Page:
Opinion: The 2009 vs. 2019 profile picture trend may or may not have been a data collection ruse to train its facial recognition algorithm. But we can't afford to blithely play along.

👓 Wednesday, January 2, 2019 | Scripting News

Read Wednesday, January 2, 2019 by Dave Winer (Scripting News)
Facebook really is dying
You know I hate the word "dead" applied to things that were never alive, but in this case I can't think of a better way to say it. Facebook is turning into a ghost town. Here's how I know.

I kind of like the idea of a death penalty for corporations…

Reply to More thoughts about Micro.blog as an indie social network by Paul Jacobson

Replied to More thoughts about Micro.blog as an indie social network by Paul Jacobson (Paul Jacobson)
Brad Enslen is doing some great work over at Micro.blog, spreading the word about this innovative service. He published a post titled “The Case for Moving Your Social Network to Micro.blog…

Paul, I like how you’re questioning what is going on with micro.blog and what it is. The toughest part about it is that it is being sold by many different people in many different ways and it’s something slightly different depending on who you are and what you’re coming to it with. It’s all a question of framing.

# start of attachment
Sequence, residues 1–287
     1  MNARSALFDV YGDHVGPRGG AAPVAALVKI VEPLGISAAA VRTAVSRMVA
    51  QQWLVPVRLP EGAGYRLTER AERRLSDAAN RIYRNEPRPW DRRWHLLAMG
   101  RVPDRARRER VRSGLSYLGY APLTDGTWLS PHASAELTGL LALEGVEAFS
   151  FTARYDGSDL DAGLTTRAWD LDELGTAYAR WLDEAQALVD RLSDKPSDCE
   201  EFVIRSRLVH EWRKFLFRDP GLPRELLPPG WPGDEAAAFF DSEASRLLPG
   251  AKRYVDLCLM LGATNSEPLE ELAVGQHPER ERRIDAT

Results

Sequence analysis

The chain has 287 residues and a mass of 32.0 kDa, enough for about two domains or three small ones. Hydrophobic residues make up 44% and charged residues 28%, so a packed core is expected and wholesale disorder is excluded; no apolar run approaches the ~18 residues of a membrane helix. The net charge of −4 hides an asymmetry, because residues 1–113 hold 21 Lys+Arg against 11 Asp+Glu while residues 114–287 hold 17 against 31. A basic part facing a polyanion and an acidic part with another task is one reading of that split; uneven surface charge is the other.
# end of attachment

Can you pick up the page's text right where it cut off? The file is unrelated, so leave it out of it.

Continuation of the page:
I might suggest that you’re framing in an odd way, particularly given what I think you’d ultimately like to see on the web which you mention in your closing paragraphs.

To put things somewhat in “Automattic” terms, micro.blog is almost just like WordPress.com in that it’s a hosted content management system with a somewhat both open and closed community attached to it. If you’ve got a WordPress.com account you can easily post replies and likes on other blogs within the WordPress.com ecosystem and WordPress.com also has a slick feed reader you can use to easily subscribe to content (and even more easily subscribe if you’re within that WordPres.com community).

Just like WordPress.com, micro.blog-based sites (if you’re using their CMS) provide you with a physical website that includes RSS feeds and most of the other typical website functionality, so in fact, if you’ve got a micro.blog-based site, you’re fully on the web. If you’d like you can take your domain, export your content and move to WordPress, Drupal, SquareSpace, or any other CMS out there.

The real difference between micro.blog and WordPress.com happens in that micro.blog sends webmentions to provide their commenting functionality (though their websites don’t receive webmentions in a standalone way technically and in fact they don’t even allow manual comments as micro.blog-based websites don’t have traditional commenting functionality (yet?).) Micro.blog also supports Micropub natively, so users can use many of the micropub apps for posting to their sites as well.